Dead In The Water
There must have been something in the water. How else to explain the logic behind handing over the reins of Jaws — the big-budget adaptation of Peter Benchley’s best-selling 1974 shark chiller — to an untested TV director whose first feature film had been a box office dud? But on May 2, 1974, under the pressure of a looming actors’ strike (sound familiar?), wunderkind Steven Spielberg set out on what would become one of the most troubled productions of all time.
The then-27-year-old director was smarting from the commercial failure of The Sugarland Express (1974), when he got word from producers Richard Zanuck and David Brown that Universal wanted him to bring the same tension to Jaws that he did to his 1971 teleflick Duel. But the young helmer was about to confront some hefty preproduction woes. Nearly every actor he wanted turned him down (among them: Lee Marvin, Jon Voight, and Sterling Hayden). Eventually, Robert Shaw, Richard Dreyfuss, and Roy Scheider signed on, but with the strike threat, Universal pushed Spielberg to start as soon as possible, with script pages still in the typewriter.
But it was off the coast of Martha’s Vineyard, Mass., that Spielberg and Co. were dealt the biggest blow. ”Mr. Zanuck and I were on a barge at the first test of the shark,” says Brown, ”and we watched it plunge to the bottom of Nantucket Sound — [along] with our careers, we thought.” The faux fish caused endless frustrations, wasting entire shooting days as technicians scurried to get it to work properly.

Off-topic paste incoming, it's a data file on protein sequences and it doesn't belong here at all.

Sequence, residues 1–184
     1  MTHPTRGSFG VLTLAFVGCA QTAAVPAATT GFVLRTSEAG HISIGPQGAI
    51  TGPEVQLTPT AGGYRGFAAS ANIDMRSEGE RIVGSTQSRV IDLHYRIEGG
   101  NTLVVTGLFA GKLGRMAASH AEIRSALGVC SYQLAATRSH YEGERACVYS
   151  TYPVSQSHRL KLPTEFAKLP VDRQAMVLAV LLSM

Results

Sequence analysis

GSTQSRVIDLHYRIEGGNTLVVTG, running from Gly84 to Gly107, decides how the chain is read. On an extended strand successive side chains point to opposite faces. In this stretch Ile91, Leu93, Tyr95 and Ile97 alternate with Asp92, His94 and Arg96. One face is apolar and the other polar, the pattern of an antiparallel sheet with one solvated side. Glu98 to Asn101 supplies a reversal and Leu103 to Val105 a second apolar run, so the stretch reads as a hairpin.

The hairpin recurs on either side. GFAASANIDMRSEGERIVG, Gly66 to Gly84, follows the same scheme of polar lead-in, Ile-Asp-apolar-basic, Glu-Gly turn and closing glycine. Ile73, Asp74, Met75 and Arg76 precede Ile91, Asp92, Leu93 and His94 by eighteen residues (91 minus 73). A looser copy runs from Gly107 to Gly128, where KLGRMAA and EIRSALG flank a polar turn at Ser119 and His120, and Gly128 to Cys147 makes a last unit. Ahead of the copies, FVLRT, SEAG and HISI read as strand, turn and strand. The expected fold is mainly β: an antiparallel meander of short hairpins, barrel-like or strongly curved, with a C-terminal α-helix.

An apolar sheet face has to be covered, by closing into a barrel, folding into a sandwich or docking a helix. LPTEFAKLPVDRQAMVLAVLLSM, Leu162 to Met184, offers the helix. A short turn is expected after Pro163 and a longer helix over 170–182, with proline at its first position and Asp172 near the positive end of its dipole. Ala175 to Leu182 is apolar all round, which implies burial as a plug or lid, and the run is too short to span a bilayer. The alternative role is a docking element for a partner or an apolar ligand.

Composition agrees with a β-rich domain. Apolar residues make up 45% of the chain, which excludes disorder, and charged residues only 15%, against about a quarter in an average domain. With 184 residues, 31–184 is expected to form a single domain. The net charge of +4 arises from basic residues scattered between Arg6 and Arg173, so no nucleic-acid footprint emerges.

Back in Hollywood, as Spielberg has recalled, Brown and Zanuck were busy calming the bean counters who wanted to remove him from the picture. It turned out that Universal had good reason to worry: The film’s budget had ballooned from $4 million to $9 million, and the scheduled 55-day shoot would eventually come to a close 159 days after production began.
For Spielberg, it looked as if his once-promising career would be beached, and he dug in to what became an equally grueling round of postproduction work (one sequence was even reshot in a California pool when it didn’t elicit the scare the director wanted).
All the extra effort paid off: not only did Jaws usher in the era of the summer event movie, but it was the box office champ until Star Wars opened in 1977. ”We had a cast and crew screening,” says Brown. ”And the very men and women who were on the set and knew all the Sturm und Drang of the production were frightened by the very illusion they helped create.”
And as for that young director? He would never again set a film on the water, but finding work wouldn’t be a problem.